“We learned from the first few python challenge competitions that experienced trappers were having success locating and catching pythons, so we focused on standing up and supporting that approach,” Wiley told me this week.
But then, in late 2019, Gov. Ron DeSantis held a press conference to announce a new competition to be held in January 2020 called “the Python Bowl.”
Making snakes political
The name-change tied the snake-hunt in with another, slightly larger sporting event: the Super Bowl, held that year in Miami. To underline the link, DeSantis displayed a football covered in python skin instead of pigskin.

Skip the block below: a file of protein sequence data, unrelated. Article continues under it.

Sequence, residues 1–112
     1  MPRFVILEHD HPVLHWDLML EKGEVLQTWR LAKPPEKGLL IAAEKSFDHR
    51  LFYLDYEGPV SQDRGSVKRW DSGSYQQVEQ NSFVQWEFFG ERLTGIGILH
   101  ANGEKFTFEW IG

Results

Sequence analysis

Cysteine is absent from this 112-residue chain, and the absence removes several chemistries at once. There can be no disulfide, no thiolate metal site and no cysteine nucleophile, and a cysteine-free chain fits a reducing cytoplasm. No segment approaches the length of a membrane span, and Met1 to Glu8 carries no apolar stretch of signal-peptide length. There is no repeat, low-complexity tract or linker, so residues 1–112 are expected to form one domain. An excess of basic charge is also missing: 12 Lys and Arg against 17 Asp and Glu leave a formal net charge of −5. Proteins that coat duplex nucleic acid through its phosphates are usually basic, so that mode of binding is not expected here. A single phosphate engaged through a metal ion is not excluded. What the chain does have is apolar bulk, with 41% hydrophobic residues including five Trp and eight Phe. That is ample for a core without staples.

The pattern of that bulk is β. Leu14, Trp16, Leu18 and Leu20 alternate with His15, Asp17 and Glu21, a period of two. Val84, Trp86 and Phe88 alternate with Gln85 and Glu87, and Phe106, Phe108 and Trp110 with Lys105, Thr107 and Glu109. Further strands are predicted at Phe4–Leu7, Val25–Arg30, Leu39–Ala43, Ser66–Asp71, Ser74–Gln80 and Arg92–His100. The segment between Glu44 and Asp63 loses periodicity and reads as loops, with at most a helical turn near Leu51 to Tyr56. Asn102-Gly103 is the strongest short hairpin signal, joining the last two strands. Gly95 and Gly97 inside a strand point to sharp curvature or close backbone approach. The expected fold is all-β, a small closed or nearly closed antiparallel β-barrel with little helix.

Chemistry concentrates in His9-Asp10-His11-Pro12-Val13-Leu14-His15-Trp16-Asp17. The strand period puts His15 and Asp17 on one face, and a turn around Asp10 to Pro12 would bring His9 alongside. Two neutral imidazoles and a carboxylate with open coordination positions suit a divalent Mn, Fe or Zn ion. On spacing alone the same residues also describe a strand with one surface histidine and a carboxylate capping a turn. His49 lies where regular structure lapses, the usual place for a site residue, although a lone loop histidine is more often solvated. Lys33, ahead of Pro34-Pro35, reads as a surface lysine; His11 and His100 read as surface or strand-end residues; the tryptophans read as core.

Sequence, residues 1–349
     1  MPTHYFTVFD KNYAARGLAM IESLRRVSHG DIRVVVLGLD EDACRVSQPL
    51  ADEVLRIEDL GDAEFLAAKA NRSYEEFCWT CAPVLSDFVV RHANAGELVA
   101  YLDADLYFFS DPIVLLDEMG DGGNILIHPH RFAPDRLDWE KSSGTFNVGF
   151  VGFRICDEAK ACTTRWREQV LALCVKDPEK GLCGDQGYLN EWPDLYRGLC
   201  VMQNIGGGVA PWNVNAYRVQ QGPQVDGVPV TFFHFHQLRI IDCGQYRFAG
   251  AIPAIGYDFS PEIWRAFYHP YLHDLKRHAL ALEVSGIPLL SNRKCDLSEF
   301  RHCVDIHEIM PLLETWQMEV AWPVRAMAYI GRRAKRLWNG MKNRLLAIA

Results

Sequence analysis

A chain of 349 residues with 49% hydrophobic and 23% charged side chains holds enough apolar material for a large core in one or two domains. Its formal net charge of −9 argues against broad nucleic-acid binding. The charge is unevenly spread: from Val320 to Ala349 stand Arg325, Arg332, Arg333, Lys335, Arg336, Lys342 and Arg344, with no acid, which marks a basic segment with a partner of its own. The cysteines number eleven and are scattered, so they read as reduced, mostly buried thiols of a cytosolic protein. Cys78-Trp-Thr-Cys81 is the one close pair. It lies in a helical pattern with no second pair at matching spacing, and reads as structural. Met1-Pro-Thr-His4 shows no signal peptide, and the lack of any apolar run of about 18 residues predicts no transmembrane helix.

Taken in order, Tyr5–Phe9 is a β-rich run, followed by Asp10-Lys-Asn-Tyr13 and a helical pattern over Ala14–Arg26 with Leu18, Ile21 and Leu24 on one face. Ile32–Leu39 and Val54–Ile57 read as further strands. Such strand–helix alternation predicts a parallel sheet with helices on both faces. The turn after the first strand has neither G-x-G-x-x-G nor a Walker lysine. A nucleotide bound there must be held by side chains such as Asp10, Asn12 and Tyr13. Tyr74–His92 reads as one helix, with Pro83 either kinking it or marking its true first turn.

“The 2020 Python Bowl is sure to be a great success, and I look forward to the positive effects it will have on preserving and protecting the Everglades ecosystem,” he said then.
But the 2020 competition turned out to be a backward step. Hunters snagged only 80 snakes. Predicting the contest would be “a great success” turned out to be as accurate as predicting the NFL would allow the teams to use that python-skin football.
Despite that missed prediction, DeSantis has held press conferences last year and this year to announce each of the next roundups. These events, a break from his droning speeches about such obscure topics as “woke” businesses, have become a feel-good political event and a way to make it seem as if he cares about Florida’s environment even as he gives developers whatever they want.